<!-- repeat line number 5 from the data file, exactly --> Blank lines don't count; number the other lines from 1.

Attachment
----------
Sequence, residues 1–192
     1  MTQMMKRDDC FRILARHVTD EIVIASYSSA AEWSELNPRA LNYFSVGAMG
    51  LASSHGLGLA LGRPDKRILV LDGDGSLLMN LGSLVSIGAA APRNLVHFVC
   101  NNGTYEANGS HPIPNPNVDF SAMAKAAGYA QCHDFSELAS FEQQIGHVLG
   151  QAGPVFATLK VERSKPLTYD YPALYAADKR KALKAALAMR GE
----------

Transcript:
   151  QAGPVFATLK VERSKPLTYD YPALYAADKR KALKAALAMR GE